Mesothelioma date of knowledge reaffirmed by court of session
Watt v Lend Lease Construction (Europe) Ltd 
The previously-established 1965 employers’ date of knowledge in mesothelioma claims was reaffirmed by Lord Uist in a decision that was handed down by the Outer House of the Court of Session this month. Lord Uist’s examination of foreseeability, judged by the standards prevailing at the time, established that there was no breach of statutory duty or liability at common law in circumstances where exposure to asbestos dust was of a low level and took place before 1965.
The circumstances behind why the claim reached the Outer House are perhaps unusual in that the living claim had previously been compromised by the defender and it was the surviving relatives’ claims that were challenged by the defender post mortem.
The deceased, James Watt, died from mesothelioma in January 2017. The deceased’s evidence was that he was one of a number of employees involved in the construction of a car park in Glasgow in 1963. He was employed by the defenders as a joiner between January and June 1963 where he alleged that he was exposed to significant quantities of asbestos dust over a period of about three or four days when cutting and fitting asbestos sheets on site. Negligence and a breach of Regulation 20 of the Construction (General Provisions) Regulations 1961 was alleged.
Regulation 20 of the 1961 Act, which came into force on 1 March 1962, states that “in connection with any grinding, cleaning, spraying or manipulation of any material there is given off any dust or fume of such character and to such an extent as to be likely to be injurious to the health of persons employed all reasonably practical measures shall be taken either by securing adequate ventilation or by the provision or use of suitable respirators or otherwise to prevent the inhalation of such dust or fume”.
The defender’s case was that any exposure to asbestos during the course of the deceased’s very short period of exposure would have been secondary, intermittent and of a low level. Further, it was maintained that such exposure took place primarily outside and would not have given rise to a foreseeable risk of asbestos disease at the time, the estimated exposure being no higher than between 0.3 fibre/ml years to 8 fibre/ml years and therefore significantly lower than the Helsinki Criteria and the published research work at that time.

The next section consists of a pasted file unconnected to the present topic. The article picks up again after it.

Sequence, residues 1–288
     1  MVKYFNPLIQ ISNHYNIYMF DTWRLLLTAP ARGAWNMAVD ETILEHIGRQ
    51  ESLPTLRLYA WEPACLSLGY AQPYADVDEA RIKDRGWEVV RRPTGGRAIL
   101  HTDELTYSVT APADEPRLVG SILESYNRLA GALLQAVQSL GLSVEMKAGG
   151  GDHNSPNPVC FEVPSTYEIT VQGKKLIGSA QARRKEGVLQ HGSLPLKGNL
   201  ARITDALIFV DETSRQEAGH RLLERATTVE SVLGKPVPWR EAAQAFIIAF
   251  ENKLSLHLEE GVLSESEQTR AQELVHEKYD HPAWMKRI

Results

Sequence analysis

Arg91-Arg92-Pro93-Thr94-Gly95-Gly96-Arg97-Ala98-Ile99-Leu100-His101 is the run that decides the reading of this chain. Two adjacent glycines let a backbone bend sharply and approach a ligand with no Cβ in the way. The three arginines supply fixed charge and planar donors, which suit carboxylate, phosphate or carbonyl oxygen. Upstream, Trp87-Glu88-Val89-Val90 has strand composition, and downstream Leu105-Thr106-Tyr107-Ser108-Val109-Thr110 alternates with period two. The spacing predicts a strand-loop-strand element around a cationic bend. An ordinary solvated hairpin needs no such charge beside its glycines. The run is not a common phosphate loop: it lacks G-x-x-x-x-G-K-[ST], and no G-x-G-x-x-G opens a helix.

Both parties had obtained expert evidence to consider the relevant state of knowledge of the defender at the time of employment/exposure but it was the defender’s evidence that the court considered to be more compelling.
The defender’s expert maintained that his assessment of the levels of exposure arising from the deceased’s work would not have alerted employers to the risks of an asbestos-related disease at that time and that he would not expect a company that was not engaged in asbestos manufacturing work to have knowledge of the effects of (in his view) secondary, intermittent and low level exposure to asbestos at a time before world leading medical research experts did.
It was accepted by Lord Uist that the level of exposure to asbestos that the pursuer would have been subject to was low level and over a very short period. Following the approach of the court in Abraham v Ireson & Sons  Lord Uist concluded that the defenders would not have appreciated that the deceased’s exposure was “likely to be injurious” at the time and therefore it followed that if the defenders did not know of the risks at the time then they could not have been expected to have taken steps to protect the deceased from such exposure. Lord Uist held that it was not until 1965 at the earliest that the risk of mesothelioma was more widely known with the publication of the Newhouse & Thompson report, reaffirming the accepted date of knowledge in mesothelioma claims.
Impact of the claim
Whilst the circumstances behind why only the fatal claim came before the Outer House is unusual, the question of foreseeability and its interpretation in the context of asbestos-related claims is not. The more recent case law in the UK relating to low level or intermittent exposure has been decided more in favour of pursuers/claimants rather than defenders. However, this case demonstrates that there is seemingly a distinction that the courts are prepared to make as to the absence of foreseeability on the part of defenders in relation to low level, pre-1965 exposure claims.
For further information on this decision and its implications, contact our occupational disease lawyers.